Italian ballet is the training methods and aesthetic qualities seen in classical ballet in Italy. Ballet has a long history in Italy, and it is widely believed that the earliest predecessor of modern-day ballet originated in the Italian courts of the Renaissance. Two predominant training systems are used to teach Italian ballet today: the Cecchetti method, devised by Enrico Cecchetti, and that of the La Scala Theatre Ballet School.
Ballet began during the Italian Renaissance court as an outgrowth of court pageantry, where aristocratic weddings were lavish celebrations. Court musicians and dancers collaborated to provide elaborate entertainment for them. Ballet was further shaped by the French ballet de cour, which consisted of social dances performed by the nobility in tandem with music, speech, verse, song, pageant, decor and costume. When Catherine de' Medici, an Italian aristocrat with an interest in the arts, married the French crown heir Henry II, she brought her enthusiasm for dance to France and provided financial support. These glittering entertainments supported the aims of court politics and usually were organized around mythological themes.
A ballet of the Renaissance was a far cry from the form of theatrical entertainment known to audiences today. Tutus, ballet slippers and pointe work were not yet used. The choreography was adapted from court dance steps. Performers dressed in fashions of the times. For women that meant formal gowns that covered their legs to the ankle. Early ballet was participatory, with the audience joining the dance towards the end.
Domenico da Piacenza was one of the first dancing masters. Along with his students, Antonio Cornazzano and Guglielmo Ebreo, he was trained in dance and responsible for teaching nobles the art. Da Piacenza left one work: De arte saltandi et choreus ducendi (On the art of dancing and conducting dances), which was put together by his students.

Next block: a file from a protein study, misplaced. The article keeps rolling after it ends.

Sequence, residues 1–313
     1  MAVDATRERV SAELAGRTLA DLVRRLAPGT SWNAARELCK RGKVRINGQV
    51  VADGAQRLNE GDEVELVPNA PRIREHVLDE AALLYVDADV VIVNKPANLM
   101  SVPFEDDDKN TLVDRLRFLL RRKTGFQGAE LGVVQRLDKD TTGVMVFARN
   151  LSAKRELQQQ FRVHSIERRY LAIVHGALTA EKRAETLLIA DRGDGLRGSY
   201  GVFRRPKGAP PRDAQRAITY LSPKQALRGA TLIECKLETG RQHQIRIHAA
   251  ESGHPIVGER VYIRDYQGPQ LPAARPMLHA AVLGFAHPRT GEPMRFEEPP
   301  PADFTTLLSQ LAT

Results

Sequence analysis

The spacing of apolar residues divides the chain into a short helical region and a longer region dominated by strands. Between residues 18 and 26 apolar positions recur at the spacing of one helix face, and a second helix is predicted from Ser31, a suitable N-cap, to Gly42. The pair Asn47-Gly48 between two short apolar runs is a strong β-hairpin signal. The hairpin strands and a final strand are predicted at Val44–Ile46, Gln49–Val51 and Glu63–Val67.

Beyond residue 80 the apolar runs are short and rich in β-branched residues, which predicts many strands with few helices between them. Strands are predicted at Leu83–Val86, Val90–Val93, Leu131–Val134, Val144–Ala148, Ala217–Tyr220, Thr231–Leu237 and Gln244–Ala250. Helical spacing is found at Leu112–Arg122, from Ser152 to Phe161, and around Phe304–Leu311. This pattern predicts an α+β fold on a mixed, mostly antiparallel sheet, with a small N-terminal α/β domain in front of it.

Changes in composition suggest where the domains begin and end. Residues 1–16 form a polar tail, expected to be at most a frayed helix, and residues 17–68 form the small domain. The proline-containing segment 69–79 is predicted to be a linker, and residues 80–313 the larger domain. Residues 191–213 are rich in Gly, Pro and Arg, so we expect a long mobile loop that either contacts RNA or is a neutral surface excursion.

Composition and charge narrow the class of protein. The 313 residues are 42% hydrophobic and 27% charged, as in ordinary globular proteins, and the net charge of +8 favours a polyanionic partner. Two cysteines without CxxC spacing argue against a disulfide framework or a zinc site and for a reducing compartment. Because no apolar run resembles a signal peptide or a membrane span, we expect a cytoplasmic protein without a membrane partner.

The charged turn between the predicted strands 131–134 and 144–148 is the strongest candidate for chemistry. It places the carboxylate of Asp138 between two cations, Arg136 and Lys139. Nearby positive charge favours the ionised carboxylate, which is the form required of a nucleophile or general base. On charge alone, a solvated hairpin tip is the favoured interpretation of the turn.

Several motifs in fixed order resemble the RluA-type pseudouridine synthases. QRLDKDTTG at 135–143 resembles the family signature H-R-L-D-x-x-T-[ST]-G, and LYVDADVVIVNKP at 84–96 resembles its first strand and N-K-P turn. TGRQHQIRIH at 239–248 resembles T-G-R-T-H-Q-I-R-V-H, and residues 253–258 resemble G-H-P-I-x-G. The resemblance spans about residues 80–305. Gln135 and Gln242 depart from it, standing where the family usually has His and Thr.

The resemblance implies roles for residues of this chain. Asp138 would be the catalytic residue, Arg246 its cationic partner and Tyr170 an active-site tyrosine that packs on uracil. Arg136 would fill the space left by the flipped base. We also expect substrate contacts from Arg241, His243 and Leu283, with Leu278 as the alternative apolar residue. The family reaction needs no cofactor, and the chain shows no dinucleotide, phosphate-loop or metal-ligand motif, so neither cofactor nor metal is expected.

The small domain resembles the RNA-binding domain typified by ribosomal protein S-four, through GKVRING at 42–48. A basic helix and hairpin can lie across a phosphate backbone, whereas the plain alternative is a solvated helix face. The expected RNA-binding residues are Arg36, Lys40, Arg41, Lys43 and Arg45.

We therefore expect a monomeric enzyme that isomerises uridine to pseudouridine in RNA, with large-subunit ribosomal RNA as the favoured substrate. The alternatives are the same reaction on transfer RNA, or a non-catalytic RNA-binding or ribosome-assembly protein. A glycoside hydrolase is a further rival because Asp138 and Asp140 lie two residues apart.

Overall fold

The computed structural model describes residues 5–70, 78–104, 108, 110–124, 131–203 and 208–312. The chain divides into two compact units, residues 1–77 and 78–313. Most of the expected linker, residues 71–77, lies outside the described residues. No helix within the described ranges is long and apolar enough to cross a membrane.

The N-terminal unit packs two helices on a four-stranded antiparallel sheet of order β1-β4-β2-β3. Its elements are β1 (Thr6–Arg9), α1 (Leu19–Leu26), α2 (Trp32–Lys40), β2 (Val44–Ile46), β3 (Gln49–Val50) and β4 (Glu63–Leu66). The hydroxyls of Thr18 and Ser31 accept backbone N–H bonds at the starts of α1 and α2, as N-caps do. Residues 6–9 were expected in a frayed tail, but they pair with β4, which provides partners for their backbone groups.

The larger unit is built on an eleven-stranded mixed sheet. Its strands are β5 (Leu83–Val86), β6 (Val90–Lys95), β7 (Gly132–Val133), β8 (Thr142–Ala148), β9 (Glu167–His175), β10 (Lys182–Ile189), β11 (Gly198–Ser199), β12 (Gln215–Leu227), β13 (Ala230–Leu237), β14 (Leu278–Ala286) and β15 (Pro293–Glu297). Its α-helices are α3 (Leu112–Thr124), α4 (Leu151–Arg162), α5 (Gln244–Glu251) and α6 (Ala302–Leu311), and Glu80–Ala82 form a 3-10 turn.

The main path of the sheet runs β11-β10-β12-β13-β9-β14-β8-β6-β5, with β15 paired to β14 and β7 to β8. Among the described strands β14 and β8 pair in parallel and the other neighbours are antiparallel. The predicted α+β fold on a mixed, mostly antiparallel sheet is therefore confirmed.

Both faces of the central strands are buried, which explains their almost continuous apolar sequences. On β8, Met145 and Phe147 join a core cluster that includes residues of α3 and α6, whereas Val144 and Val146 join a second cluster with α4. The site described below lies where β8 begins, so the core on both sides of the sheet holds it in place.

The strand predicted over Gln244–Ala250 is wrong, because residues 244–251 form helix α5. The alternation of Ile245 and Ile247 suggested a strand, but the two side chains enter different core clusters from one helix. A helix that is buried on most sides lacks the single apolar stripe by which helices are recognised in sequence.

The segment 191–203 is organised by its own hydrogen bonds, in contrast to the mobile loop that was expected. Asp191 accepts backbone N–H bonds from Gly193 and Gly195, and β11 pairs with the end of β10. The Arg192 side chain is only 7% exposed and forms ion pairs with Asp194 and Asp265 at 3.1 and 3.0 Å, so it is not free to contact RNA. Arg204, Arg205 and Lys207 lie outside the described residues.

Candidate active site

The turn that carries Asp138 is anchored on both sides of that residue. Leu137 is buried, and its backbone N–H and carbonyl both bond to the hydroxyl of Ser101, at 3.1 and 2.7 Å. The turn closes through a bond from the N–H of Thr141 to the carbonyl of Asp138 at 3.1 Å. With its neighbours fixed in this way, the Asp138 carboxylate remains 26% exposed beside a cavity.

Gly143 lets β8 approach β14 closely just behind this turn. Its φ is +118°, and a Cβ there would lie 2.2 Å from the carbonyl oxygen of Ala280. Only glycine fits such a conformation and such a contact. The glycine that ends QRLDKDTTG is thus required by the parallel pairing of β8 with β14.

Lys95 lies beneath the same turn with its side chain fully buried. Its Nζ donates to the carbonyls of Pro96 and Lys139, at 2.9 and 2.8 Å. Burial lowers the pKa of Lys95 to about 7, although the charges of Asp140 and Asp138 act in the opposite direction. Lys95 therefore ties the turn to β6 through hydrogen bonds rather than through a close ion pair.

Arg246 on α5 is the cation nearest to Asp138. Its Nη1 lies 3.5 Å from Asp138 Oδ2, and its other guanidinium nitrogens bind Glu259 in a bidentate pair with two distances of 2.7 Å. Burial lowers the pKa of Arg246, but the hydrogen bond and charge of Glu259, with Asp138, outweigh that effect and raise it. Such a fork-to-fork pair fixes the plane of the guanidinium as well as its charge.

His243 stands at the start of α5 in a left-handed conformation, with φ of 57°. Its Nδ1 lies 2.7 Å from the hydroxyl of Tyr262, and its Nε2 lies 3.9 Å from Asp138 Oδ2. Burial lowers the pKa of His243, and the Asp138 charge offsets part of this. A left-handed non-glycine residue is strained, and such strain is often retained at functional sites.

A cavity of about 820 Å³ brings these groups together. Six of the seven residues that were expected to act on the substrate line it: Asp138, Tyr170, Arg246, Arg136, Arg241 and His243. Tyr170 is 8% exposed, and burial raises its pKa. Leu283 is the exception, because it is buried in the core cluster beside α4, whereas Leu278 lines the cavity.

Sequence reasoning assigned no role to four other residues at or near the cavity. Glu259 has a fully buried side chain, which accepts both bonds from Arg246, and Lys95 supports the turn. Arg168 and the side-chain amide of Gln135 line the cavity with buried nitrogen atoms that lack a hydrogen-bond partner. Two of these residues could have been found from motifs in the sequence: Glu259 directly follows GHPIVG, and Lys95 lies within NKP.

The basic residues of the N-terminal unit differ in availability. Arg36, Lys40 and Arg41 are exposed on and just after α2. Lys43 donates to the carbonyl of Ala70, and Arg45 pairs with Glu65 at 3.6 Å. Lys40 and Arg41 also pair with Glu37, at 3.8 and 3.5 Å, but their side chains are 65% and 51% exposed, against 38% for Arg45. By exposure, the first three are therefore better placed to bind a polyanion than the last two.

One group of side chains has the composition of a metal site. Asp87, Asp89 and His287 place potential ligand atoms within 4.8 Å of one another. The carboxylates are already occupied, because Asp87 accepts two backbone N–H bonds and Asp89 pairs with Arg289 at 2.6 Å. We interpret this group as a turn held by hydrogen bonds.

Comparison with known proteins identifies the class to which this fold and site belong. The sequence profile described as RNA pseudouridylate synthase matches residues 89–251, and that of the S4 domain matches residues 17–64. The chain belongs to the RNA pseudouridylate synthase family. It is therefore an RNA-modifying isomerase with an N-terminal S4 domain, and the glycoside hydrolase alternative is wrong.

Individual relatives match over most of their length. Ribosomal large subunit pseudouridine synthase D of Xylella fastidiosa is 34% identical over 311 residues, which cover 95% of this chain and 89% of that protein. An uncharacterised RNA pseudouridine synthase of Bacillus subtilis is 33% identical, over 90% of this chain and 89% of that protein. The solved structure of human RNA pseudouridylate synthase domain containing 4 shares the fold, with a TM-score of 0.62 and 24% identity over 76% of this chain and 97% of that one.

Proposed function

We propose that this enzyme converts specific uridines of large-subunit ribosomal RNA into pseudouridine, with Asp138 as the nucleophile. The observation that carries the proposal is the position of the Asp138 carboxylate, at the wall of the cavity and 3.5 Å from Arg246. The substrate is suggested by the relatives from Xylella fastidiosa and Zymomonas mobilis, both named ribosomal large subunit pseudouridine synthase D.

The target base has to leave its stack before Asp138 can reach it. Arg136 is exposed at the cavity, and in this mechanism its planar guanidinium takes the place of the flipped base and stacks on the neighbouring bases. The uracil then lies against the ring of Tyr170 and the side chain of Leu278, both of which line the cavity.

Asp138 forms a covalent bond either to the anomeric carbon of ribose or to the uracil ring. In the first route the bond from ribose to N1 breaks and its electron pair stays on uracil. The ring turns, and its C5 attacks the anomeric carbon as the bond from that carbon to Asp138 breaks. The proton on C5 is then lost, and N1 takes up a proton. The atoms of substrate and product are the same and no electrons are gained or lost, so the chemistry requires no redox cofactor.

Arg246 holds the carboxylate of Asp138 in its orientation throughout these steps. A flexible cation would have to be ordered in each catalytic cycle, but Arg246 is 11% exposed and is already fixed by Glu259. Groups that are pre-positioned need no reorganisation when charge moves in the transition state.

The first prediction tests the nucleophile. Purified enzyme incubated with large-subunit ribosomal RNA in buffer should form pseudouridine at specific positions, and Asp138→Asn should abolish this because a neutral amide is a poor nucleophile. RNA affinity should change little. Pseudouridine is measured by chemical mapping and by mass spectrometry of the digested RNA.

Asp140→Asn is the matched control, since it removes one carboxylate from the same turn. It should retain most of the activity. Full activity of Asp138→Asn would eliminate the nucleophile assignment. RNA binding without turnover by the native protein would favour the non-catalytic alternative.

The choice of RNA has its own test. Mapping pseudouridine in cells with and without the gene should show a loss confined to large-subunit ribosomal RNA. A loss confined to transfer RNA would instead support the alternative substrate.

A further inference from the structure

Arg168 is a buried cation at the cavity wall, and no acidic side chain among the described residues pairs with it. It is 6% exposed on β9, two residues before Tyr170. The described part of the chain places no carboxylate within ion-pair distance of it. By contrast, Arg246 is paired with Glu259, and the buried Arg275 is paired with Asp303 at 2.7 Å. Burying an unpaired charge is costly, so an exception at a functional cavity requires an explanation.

Ballet, if not the first, produced and shown was Baldassare de Belgiojoso's balletto comico, also known as Balthasar de Beaujoyeulx's Ballet Comique de la Reine (1581) and was a ballet comique (ballet drama). In the same year, the publication of Fabritio Caroso's Il Ballarino, a technical manual on court dancing, both performance and social, helped to establish Italy as a centre of technical ballet development.
At first, ballets were woven in to the midst of an opera to allow the audience a moment of relief from the dramatic intensity. By the mid-seventeenth century, Italian ballets in their entirety were performed in between the acts of an opera. Over time, Italian ballets became a more beloved and important part of theatrical life: ballet companies in Italy's major opera houses employed an average of four to twelve dancers; in 1815 many companies employed anywhere from eighty to one hundred dancers.
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